- PET/CT Alliance: Spain’s IMAS initiative will combine technology and resources from GE Healthcare, AI startup Quibim, and Spanish public health/research groups to develop an advanced Whole-Body PET/CT scanner. The collaborators plan to expand the PET/CT system’s axial coverage, potentially reducing acquisition time or dosage without impacting image quality, while also allowing simultaneous acquisition of the body’s main organs.
- RAYUS Adds Foundation: RAYUS Radiology (formerly CDI) continued its nationwide expansion, acquiring Pittsburgh-based Foundation Radiology Group (>100 rads, 45 hospitals/health systems, 7 states). RAYUS/CDI has been an active acquirer since its own PE acquisition in 2019, but it’s become more aggressive in the weeks since its RAYUS rebranding including acquisitions in Washington, Florida, and now across Foundation’s Northern & Northeast US territories.
- Secondary Interpretations Gap: An Emory study (n = 7,740 interpretations, 25 months) found that nearly half of patients are billed for their secondary diagnostic imaging interpretations (47.5% billed, 17% paid them), leading to small but often unexpected $14.55 average out-of-pocket charges. The researchers called for improved transparency and better communication about the value and cost of these secondary interpretations.
- Flywheel on Siemens Teamplay: Flywheel and Siemens Healthineers launched a partnership that will make Flywheel’s clinical research imaging informatics solution available via Siemens’ teamplay research / collaboration platform. Starting in North America, Siemens’ research partners can utilize teamplay and Flywheel to share their data and algorithms with research partners.
HAP’s Practice Benchmarks
Know how your practice measures up? In this post, Healthcare Administrative Partners details the key benchmarking quality metrics and how they can help radiology practices improve.
The Resource Wire
- Learn how Salem Regional Medical Center improved its radiology workflows and cut service and syringe expenses after adopting Bayer’s MEDRAD Stellant FLEX system.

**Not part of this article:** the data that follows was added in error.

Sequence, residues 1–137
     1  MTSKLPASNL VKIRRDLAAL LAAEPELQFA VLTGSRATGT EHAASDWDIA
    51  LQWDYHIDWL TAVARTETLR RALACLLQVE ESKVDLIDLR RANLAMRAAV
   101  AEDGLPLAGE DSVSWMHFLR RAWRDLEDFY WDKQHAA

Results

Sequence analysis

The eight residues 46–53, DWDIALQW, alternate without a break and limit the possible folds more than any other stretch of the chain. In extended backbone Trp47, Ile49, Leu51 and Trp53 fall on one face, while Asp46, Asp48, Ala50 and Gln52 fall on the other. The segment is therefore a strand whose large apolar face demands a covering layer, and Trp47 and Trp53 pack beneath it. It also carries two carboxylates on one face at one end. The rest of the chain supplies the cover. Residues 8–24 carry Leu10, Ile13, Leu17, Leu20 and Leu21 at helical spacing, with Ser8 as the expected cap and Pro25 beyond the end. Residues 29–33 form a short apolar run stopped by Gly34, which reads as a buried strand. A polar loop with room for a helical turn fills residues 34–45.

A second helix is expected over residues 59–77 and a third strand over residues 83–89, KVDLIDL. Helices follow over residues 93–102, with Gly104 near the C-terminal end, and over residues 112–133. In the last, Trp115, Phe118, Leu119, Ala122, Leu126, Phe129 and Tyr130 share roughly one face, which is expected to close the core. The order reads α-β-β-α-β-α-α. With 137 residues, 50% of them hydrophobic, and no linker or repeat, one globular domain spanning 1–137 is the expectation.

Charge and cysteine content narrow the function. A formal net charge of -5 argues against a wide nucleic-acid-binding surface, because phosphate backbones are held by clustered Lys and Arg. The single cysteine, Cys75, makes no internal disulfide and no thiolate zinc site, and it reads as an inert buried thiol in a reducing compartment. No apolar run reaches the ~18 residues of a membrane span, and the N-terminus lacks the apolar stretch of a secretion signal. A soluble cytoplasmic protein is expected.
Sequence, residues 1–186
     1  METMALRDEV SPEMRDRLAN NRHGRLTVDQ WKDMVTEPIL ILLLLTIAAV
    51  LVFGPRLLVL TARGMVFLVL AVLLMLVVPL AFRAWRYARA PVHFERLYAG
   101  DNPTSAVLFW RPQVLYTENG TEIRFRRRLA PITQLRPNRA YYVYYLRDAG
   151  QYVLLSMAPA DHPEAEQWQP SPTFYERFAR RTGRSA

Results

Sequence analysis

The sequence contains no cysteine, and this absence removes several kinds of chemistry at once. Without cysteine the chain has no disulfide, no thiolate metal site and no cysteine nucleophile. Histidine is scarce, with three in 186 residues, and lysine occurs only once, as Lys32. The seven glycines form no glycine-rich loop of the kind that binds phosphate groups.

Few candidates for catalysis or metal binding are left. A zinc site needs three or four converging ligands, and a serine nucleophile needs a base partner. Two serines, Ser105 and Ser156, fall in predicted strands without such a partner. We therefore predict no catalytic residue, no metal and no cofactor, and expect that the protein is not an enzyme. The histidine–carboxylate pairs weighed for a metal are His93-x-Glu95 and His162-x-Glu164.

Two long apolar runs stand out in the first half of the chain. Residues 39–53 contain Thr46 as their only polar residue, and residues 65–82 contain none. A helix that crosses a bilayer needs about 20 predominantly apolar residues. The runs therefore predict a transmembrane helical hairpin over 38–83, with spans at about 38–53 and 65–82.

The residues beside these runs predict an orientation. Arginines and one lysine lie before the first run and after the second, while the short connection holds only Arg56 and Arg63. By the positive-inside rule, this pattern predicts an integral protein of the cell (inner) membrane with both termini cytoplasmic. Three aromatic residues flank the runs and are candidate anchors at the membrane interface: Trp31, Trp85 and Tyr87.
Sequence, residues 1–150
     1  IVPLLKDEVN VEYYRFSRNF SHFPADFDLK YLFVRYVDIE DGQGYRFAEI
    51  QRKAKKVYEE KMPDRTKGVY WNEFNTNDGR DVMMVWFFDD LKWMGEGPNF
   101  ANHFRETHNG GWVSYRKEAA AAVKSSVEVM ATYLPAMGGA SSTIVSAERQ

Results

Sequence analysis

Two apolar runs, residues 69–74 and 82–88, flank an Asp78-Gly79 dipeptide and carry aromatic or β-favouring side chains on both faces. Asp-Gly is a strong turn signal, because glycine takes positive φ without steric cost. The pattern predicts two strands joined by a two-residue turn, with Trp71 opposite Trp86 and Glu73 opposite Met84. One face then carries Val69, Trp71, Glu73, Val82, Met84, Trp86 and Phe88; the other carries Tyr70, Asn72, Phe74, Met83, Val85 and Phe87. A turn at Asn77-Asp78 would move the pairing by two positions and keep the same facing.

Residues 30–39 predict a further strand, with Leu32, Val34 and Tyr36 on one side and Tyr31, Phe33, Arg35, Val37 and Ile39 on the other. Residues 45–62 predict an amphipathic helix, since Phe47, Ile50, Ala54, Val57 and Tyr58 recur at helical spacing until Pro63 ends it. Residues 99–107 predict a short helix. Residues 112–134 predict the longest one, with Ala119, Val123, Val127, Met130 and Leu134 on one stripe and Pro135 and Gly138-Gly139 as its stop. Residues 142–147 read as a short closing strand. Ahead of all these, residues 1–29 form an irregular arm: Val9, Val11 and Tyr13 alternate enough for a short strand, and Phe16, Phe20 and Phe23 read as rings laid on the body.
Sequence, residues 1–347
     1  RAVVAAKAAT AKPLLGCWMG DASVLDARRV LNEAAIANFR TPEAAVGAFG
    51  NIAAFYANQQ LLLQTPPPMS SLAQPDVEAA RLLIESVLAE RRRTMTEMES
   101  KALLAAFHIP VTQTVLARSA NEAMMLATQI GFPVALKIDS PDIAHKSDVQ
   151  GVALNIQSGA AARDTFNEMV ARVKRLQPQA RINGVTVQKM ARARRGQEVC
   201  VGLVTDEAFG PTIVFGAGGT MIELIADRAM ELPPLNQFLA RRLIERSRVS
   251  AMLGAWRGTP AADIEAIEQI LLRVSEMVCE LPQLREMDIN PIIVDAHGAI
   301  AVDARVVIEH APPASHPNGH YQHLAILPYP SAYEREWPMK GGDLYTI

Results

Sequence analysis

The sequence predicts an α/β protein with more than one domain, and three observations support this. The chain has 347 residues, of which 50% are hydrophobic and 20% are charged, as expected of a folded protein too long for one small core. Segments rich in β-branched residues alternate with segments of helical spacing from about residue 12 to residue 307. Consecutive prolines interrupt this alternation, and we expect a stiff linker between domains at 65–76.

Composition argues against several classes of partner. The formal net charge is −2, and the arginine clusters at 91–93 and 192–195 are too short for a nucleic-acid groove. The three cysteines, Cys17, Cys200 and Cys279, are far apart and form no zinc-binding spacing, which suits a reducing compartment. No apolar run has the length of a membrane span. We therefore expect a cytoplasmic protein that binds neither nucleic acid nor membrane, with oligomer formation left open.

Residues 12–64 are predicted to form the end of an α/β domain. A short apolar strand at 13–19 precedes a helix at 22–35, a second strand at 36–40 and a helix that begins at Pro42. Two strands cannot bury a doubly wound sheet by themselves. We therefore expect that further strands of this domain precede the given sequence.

- Tune in to Riverain Technologies’ on-demand webinar demonstrating how its AI solutions integrate into LucidHealth’s radiology workflow and sharing best practices on how to combine AI with radiologist expertise.
- See how GE Healthcare and SOPHiA GENETICS are pairing AI and genomics to help clinicians fight cancer in this new GE Healthcare article.
- Canon’s Cartesion Prime is the only air-cooled digital PET/CT system, which means big reductions in service, chiller, and infrastructure costs. Check out Canon’s case for the air-cooled Cartesion Prime here.
- Learn how Novarad’s Nova RIS system helps radiology departments streamline front office workflows, ensuring they get all the reimbursements they’ve earned while also providing a great patient experience.
- More efficiency and accuracy – less burnout and IT overhead. Those are the key results from adopting cloud speech technology detailed by Nuance in this infographic.
- We’ve heard a lot about the AMA’s new Category III CPT codes for artificial intelligence. Check out this post from Zebra-Med CEO, Zohar Elhanani, about how these codes bring the next step in Zebra-Med’s population health mission.
- With Turbo Suite Excelerate by Siemens Healthineers, you can reduce MRI exam times by up to 50%. See how it’s possible in these videos featuring example hip, knee, and brain scans.
- Check out this Imaging Wire Show interview with Fujifilm Healthcare Americas’ Dave Wilson, detailing what we can expect as Hitachi Healthcare becomes part of Fujifilm.